Founder and CEO, FitFighter
My Tuck experience was pivotal. It marked this transition from my old life into the new. I still carry my military experience with me, but in terms of feeling, emotion, and lifestyle, it feels worlds away—and Tuck fits right in between.
By Adam Sylvain
A commitment to public service is a current that runs through T’11 Sarah Apgar’s career and education.
In September, 2001, Apgar began her senior year at Princeton on an ROTC scholarship when the 9/11 attacks occurred. Just a few months later, she was commissioned as a second lieutenant, and by the fall of 2003, Apgar was deployed to Mosul, Iraq, as a member of the 52nd Engineer Battalion supporting the 101st Airborne Division’s reconstruction mission.
Two months into that deployment, Apgar lost a 19-year-old soldier, whose memory she says she’ll spend the rest of her life working to honor.
“It was surreal. I’ve never been able to fully internalize what happened,” says Apgar. “It has always driven me to think about how I can honor his memory and impact as many people as I can.”
Apgar’s desire to honor the legacy of those who serve led her to launch FitFighter, a strength & conditioning system inspired by firefighting, with a patent-pending free weight called a Steelhose, made in the USA from real firehose and recycled steel. FitFighter serves trainers, athletes, coaches, gyms, health care and home fitness, and a portion of sales supports wounded Veterans, fallen first responders, and now front line healthcare workers through the Stephen Stiller Tunnel to Tower Foundation.
The pivotal middle point in Apgar’s journey from second lieutenant in Iraq to the founder of a service-inspired startup was the decision to earn her MBA at Tuck.
“Tuck was the only business school that really attracted me,” she says. “Right away I felt connected to the Veteran community. It felt like a place that would be really comfortable.”
Despite feeling at home, Apgar recalls being challenged—in all the right ways—by the rigor and relevance of Tuck’s core curriculum, which included a first-year economics course taught by current Tuck Dean Matthew Slaughter.
“My Tuck experience was pivotal,” says Apgar. “It marked this transition from my old life into the new. I still carry my military experience with me, but in terms of feeling, emotion, and lifestyle, it feels worlds away—and Tuck fits right in between.”
After graduating from Tuck, Apgar took an executive position at Warby Parker. Missing the camaraderie of the Army, Apgar drove past an Open House at the Halesite Fire Department in Huntington, Long Island in 2012. She stopped and lingered long enough to sense the community. Apgar joined the following week and trained as an Emergency Medical Technician (EMT) and volunteer firefighter. While fascinated by fire ground activities and movements, Apgar noticed there wasn’t standardized fitness training in the fire service, so she began her own training routine using old firehose filled with unique material to mimic the feeling of a pressurized hose.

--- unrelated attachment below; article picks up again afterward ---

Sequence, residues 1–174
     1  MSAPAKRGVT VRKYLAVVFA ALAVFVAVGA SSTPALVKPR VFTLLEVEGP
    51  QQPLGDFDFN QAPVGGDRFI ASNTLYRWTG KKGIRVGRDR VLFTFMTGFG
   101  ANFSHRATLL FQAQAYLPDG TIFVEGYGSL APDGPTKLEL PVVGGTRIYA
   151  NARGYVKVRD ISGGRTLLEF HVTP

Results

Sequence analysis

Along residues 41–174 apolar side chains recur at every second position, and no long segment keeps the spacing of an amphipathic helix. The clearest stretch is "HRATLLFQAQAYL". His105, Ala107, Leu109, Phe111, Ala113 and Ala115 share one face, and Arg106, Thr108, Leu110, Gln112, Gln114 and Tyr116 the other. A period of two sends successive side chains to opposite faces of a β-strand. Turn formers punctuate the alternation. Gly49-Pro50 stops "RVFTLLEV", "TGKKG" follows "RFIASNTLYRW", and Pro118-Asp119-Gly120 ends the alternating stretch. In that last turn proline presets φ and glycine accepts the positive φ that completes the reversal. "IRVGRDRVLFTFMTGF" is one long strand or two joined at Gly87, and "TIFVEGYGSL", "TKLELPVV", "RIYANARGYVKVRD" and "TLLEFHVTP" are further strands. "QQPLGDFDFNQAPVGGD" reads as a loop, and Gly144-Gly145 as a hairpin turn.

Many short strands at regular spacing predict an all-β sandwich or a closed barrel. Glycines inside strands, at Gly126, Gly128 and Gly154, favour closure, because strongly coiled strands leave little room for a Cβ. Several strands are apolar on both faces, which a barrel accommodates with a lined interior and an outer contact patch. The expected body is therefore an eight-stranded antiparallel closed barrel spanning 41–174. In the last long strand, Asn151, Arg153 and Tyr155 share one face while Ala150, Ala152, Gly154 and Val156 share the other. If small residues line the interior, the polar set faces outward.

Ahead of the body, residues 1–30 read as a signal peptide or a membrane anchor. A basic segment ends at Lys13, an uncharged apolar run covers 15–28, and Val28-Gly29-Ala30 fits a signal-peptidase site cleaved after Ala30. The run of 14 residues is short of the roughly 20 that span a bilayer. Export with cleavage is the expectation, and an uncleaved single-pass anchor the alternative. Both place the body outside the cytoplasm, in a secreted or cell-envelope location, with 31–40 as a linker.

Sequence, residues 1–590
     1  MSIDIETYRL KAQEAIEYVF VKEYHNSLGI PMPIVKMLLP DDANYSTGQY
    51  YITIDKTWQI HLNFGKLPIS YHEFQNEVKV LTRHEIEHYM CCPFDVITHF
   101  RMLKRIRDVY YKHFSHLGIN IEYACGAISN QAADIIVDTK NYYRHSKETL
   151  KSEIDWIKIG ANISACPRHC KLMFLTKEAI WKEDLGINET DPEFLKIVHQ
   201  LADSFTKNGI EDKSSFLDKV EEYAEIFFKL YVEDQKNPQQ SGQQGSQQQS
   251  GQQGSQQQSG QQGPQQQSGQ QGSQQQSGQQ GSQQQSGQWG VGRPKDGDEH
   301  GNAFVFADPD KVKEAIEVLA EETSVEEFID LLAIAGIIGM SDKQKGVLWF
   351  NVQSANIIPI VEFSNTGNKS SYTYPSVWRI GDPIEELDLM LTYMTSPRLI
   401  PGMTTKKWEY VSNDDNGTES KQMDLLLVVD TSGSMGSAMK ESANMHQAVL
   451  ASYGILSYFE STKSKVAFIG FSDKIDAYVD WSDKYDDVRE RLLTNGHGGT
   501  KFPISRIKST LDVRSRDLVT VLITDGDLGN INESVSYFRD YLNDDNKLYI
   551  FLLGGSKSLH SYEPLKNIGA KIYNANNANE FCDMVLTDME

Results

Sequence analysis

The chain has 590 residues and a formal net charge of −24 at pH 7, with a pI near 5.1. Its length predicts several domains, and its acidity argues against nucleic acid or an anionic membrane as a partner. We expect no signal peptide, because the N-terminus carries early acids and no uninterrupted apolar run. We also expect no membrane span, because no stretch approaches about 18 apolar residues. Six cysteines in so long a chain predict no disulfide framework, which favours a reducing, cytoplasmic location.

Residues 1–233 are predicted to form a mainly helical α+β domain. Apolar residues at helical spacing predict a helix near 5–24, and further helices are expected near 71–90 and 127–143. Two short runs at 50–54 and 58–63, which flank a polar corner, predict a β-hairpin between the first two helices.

That old piece of firehose filled with sand became the first prototype of the Steelhose equipment that is now FitFighter’s staple product, launched in the mainstream fitness market in 2019.
A turning point for the company came when the FDNY Fire Academy adopted her equipment to train candidates entering the NYC Fire Service. After sending additional prototypes of the FitFighter system to a few well-known pro-athlete trainers last spring, Apgar was eager to gauge the response to her product from the broader fitness community.
“The story is easy to love, but what I really wanted to know is whether this was the highest performance product,” says Apgar. “My now-partners in the company loved both the story and our product.”
Apgar has since spread the service-inspired fitness routine to not only other fire departments and individual firefighters, but also into gyms, boot camps, and living rooms in the U.S. and Canada through an iOS app based digital training platform.
As safety measures during the COVID-19 crisis force FitFighter’s core market of fitness and training facilities to close their doors, Apgar is developing the company’s direct-to-consumer strategy more quickly than she initially planned. Although the situation poses challenges to her growing business, Apgar recognizes an opportunity to support people who need to stay strong and healthy at home. She and her team have developed two Home Gym Sets, complete home workouts on its iOS App, a 4-week moms program with workouts and support resources, and her world class trainers offer Free daily workouts. And the world is taking note—Oxygen Magazine published a spread in April on FitFighter’s equipment and workouts and celebrities are signing on.
“We can really help people during a time of crisis by providing a versatile fitness product they can use anywhere,” says Apgar. “I’m sinking my teeth in and digging in my heels to communicate what FitFighter can offer.”
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